Bowhunting Tips: How to Draw Without Getting Busted

Photo by Lance Krueger As we move further into fall, and whitetail season, treestand cover becomes more and more scarce. … Continued

Photo by Lance Krueger

As we move further into fall, and whitetail season, treestand cover becomes more and more scarce. Here are five ways to get drawn—without getting busted­—after leaves have dropped.

1. Move your treestand. With the leaves down, you may have a clear view to a slightly longer shot, allowing you to back off the primary sign by a few yards and set up in a tree that offers better cover. A thick conifer species, a tree with multiple trunks, a tree with a very wide trunk, or a copse of trees growing very close together can all help break up your outline. Just be sure you have enough clearance to come to full draw in these potentially tight quarters.

2. Go higher. If better stand trees aren’t situated within bow range of your hotspot, gain a little advantage by moving up another 5 or 10 feet, which gets you farther above a deer’s typical line of sight.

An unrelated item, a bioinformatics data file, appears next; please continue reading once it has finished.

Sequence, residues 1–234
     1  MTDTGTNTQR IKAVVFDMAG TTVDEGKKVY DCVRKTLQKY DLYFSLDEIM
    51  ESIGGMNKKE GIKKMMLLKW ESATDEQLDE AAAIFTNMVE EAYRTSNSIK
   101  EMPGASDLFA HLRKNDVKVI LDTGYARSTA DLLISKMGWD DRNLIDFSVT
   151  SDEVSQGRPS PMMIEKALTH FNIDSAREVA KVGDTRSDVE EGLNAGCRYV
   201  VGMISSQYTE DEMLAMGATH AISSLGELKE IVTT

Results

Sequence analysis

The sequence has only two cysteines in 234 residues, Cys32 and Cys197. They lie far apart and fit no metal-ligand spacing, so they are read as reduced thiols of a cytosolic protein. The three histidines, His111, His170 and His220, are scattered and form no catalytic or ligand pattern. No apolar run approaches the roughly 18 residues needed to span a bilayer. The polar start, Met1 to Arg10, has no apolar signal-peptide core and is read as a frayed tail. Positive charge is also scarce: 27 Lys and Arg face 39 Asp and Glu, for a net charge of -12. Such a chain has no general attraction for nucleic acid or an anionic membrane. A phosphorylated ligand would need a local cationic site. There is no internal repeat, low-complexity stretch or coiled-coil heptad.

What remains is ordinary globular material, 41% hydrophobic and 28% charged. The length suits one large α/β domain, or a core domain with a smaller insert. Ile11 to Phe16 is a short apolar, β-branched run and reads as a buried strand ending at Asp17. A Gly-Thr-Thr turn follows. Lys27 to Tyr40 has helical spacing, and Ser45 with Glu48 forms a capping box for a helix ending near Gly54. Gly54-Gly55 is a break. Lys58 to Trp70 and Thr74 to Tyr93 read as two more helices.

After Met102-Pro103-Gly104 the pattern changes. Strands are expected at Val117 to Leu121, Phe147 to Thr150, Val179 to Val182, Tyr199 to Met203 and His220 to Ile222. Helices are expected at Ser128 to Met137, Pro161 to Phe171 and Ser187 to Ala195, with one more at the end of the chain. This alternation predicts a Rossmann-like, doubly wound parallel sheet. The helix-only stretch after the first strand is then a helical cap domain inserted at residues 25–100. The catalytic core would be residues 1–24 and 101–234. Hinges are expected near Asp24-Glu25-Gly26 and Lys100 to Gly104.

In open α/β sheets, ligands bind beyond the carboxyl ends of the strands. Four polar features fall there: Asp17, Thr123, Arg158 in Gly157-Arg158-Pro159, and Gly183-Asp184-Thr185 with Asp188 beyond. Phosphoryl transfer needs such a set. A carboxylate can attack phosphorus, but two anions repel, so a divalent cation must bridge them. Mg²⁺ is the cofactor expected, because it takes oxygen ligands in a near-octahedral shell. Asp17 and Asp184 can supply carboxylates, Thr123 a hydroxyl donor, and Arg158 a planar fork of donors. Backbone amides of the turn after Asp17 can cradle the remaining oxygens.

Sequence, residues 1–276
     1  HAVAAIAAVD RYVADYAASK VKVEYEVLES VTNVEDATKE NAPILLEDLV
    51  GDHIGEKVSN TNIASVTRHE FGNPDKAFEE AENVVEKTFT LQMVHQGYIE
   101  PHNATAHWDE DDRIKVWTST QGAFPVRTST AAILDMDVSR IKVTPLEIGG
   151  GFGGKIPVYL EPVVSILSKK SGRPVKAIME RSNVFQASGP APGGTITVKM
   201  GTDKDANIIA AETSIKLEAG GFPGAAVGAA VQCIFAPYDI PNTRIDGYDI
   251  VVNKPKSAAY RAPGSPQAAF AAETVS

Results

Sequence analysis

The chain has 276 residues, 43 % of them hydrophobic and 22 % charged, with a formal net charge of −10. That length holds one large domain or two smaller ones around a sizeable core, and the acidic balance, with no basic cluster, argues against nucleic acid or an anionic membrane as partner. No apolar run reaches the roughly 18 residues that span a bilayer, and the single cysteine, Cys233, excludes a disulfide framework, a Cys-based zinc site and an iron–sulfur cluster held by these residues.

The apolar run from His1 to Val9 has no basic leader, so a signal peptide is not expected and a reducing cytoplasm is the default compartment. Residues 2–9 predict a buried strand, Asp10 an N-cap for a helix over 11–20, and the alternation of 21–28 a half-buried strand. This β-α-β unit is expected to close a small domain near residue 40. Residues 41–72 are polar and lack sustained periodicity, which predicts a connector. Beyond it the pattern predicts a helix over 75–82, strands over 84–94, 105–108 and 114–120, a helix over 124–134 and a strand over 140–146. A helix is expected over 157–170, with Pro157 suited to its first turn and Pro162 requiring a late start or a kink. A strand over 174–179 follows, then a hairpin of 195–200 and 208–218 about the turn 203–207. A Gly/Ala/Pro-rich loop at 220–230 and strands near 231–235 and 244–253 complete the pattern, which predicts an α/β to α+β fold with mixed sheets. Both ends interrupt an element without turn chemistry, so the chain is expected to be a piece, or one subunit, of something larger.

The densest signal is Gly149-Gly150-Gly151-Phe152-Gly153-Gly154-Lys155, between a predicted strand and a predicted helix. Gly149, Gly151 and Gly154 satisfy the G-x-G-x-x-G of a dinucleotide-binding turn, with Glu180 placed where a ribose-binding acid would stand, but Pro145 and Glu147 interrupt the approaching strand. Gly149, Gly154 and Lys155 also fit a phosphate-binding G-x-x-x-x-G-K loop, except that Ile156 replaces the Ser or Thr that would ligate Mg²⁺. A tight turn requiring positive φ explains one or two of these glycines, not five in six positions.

3. Set up on the far side. Another option is to swing your stand to the opposite side of the tree from which you expect deer to approach. You can remain standing and use the trunk to hide your draw, or stay seated and take a quartering-away shot just after the buck passes by you. Practice drawing from the new position to be sure you can clear the trunk with your draw arm.

4. Wear snow camo. If you’re still a little skylighted, dark camo will only accentuate your human outline. A snow pattern, on the other hand, will help you blend in, especially on overcast days.

5. Create cover. Stay hidden as the season progresses by adding natural cover to your stand. Each time you climb aloft, pull up a cut branch to create a screen behind you. Hang them from forked limbs or from a cross member resting on two tree steps, so you can easily draw on a big but spooky late-season buck.